Formula One was rocked today by the news that on the eve of the season opener in Melbourne, Charlie Whiting, the sport's race director, official starter and the overseer of most of the sport's rules, had passed away.
"Charlie Whiting, has sadly passed away this morning (14 March 2019), in Melbourne, aged 66, as the result of a pulmonary embolism, three days before the Australian Grand Prix which will open the F1 season," said the FIA in a brief statement.
"He began his F1 career in 1977 working at the Hesketh team, then in the 1980s at Brabham. He has been an integral part of the organisation of the FIA Formula One World Championship since he joined the Federation in 1988, and has been the Race Director since 1997."
“It is with immense sadness that I learned of Charlie's sudden passing," said FIA president, Jean Todt. "I have known Charlie Whiting for many years and he has been a great Race Director, a central and inimitable figure in Formula One who embodied the ethics and spirit of this fantastic sport.
"Formula 1 has lost a faithful friend and a charismatic ambassador in Charlie," said Ross Brawn, who has worked with Whiting in his various roles as a mechanic, technical director, team boss and now F1 technical boss. "All my thoughts, those of the FIA and entire motor sport community go out to his family, friends, and all Formula One lovers."
"I have known Charlie for all of my racing life. We worked as mechanics together, became friends and spent so much time together at race tracks across the world.
"I was filled with immense sadness when I heard the tragic news. I'm devastated. It is a great loss not only for me personally but also the entire Formula 1 family, the FIA and motorsport as a whole. All our thoughts go out to his family."
Red Bull was among the first teams to respond to the sad news, Christian Horner saying: “I am deeply saddened to hear the terrible news that Charlie Whiting passed away last night.
"Charlie has played a key role in this sport and has been the referee and voice of reason as Race Director for many years. He was a man with great integrity who performed a difficult role in a balanced way. At heart, he was a racer with his origins stretching back to his time at Hesketh and the early days of Brabham.
"On behalf of everyone at Aston Martin Red Bull Racing we pass on our sincere condolences to his family and friends. Charlie was a great man who will be sadly missed by the entire Formula 1 paddock and the wider motorsport community."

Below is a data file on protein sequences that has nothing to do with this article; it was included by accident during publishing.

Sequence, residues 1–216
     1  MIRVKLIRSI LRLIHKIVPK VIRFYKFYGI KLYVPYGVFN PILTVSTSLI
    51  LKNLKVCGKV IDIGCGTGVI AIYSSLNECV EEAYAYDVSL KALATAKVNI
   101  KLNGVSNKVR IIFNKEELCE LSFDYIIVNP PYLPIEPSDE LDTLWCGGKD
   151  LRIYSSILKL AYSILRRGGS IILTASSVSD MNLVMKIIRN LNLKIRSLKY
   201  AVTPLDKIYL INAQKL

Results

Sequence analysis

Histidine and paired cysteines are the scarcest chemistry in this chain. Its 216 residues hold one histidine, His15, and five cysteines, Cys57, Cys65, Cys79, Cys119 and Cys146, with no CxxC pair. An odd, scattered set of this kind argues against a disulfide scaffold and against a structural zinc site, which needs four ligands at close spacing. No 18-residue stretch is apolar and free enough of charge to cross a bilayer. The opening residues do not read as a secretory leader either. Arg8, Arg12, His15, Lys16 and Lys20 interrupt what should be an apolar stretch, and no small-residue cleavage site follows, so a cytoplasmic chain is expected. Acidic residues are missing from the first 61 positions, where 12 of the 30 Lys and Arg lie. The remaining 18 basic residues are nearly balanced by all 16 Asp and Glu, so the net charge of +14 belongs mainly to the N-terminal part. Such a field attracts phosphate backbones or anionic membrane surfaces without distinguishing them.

"I was shocked and saddened to hear the news of Charlie's passing this morning," said Toto Wolff. "He was a pillar of our Formula One family, balanced in his approach, subtle in his understanding and always with the interests of Formula One as his main focus.
"He was a fantastic ambassador for our sport and a true guardian of its best interests; all of us who were lucky enough to know him will miss his ready smile and gentle humour. On behalf of the entire Mercedes motorsport family, I send our deepest sympathies to his family and friends."
One of the sport's old guard, Whiting worked with Bernie Ecclestone during his Brabham days, joining the team in 1977 from Hesketh, having previously worked in F5000. At Brabham, first as chief mechanic and then chief engineer, he was instrumental in Nelson Piquet's title wins in 1981 and 1983.
As Ecclestone moved on to bigger things, Whiting continued to play a central part in the sport's hierarchy, albeit with the FIA, which he joined in 1988, initially as technical director.
In 1997 he was appointed Race Director, Official Starter and Safety Delegate Head of Formula One Technical Department, and in 2017, FIA Director of F1.
Whiting became a driving force in terms of safety and was instrumental in introducing the Halo device.
Widely regarded as part of the 'old guard', Whiting's loss comes at a crucial time for the sport as it attempts to provide an acceptable rules package for 2021.
While many of the old guard have been replaced or moved on since the sport was bought out in early 2017 by Liberty Media, Whiting's role was never in doubt, all sides aware of his vast experience and his ability to work with everyone. His passing leaves a major void for the sport and its powers-that-be to fill.
On behalf of its readers, Pitpass offers its own sincere condolences to Charlie's family at this sad time.
More to follow.